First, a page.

I have published in three basic areas: (i) friction and and interface mechanics, (ii) biomechanics, and (iii) pedagogy and engineering education.

The friction and interface mechanics work has focused largely on computational models, both high-order and low-order, for contact and interface phenomenon.  We have used boundary element methods, finite element methods, and low-order phenomenological models to describe various conditions of contact in multiple applications.  The work is of keen interest to the aircraft engine industry as well as the nuclear weapons establishment.  The work has been funded by both industry and government sources.

The biomechanics work has focused largely on using AFM indentation experiments to characterize mechanical properties of soft biomaterials.  We have developed a number of experimental techniques and data processes procedures to extract both elastic and viscoelastic information about materials with modulus in the <10 kPa range.  This work stemmed from the expertise my group developed in modeling contact and interface phenomena at the macro-scale.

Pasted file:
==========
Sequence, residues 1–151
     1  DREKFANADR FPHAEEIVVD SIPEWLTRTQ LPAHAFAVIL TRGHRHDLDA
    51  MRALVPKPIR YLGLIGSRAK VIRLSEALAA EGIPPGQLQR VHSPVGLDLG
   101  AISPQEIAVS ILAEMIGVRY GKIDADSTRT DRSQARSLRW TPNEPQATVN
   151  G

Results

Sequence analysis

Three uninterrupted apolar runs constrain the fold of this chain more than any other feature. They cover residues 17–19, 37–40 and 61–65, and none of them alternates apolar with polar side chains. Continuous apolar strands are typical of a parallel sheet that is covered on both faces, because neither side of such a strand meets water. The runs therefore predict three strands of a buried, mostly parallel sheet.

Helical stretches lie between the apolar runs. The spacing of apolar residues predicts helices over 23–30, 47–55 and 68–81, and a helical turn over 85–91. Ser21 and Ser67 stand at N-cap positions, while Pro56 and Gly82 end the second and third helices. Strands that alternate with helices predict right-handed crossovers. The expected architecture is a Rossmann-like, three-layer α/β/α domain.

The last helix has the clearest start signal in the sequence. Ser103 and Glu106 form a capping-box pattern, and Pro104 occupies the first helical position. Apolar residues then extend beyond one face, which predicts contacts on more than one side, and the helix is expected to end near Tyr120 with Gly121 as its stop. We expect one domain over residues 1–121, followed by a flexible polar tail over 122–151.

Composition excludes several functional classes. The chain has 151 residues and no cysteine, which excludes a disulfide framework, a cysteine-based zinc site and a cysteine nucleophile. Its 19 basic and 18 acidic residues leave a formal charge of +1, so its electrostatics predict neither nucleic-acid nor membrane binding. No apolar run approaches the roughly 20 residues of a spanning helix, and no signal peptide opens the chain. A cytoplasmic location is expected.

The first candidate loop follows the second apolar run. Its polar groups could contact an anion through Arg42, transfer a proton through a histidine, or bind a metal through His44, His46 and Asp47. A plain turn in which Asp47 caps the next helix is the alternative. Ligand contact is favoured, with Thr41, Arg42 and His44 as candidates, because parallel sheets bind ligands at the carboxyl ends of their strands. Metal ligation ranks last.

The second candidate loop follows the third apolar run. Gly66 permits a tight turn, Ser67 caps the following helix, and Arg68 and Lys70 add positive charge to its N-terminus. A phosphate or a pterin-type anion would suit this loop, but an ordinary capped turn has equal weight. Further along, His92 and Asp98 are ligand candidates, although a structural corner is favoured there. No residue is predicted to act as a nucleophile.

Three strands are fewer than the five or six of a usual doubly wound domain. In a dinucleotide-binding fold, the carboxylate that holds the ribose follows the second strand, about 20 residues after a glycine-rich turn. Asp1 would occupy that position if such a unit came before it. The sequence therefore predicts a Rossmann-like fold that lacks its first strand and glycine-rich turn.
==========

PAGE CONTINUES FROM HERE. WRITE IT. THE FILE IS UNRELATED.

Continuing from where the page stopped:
The pedagogy and engineering education work has focused on web 2.0 tools and interventions and their value in higher education courses. Branded as HigherEd 2.0, we began the work in 2006, when blogs and podcasts were just emerging as consumer-friendly technologies.  Since then, this class of tools has been rebranded as “social media”, and my team has developed a set of best practices in the use of blog and video in higher education settings (specifically engineering education).

Before seeing a bibliographic list of my papers, you can check out my Google Scholar profile.

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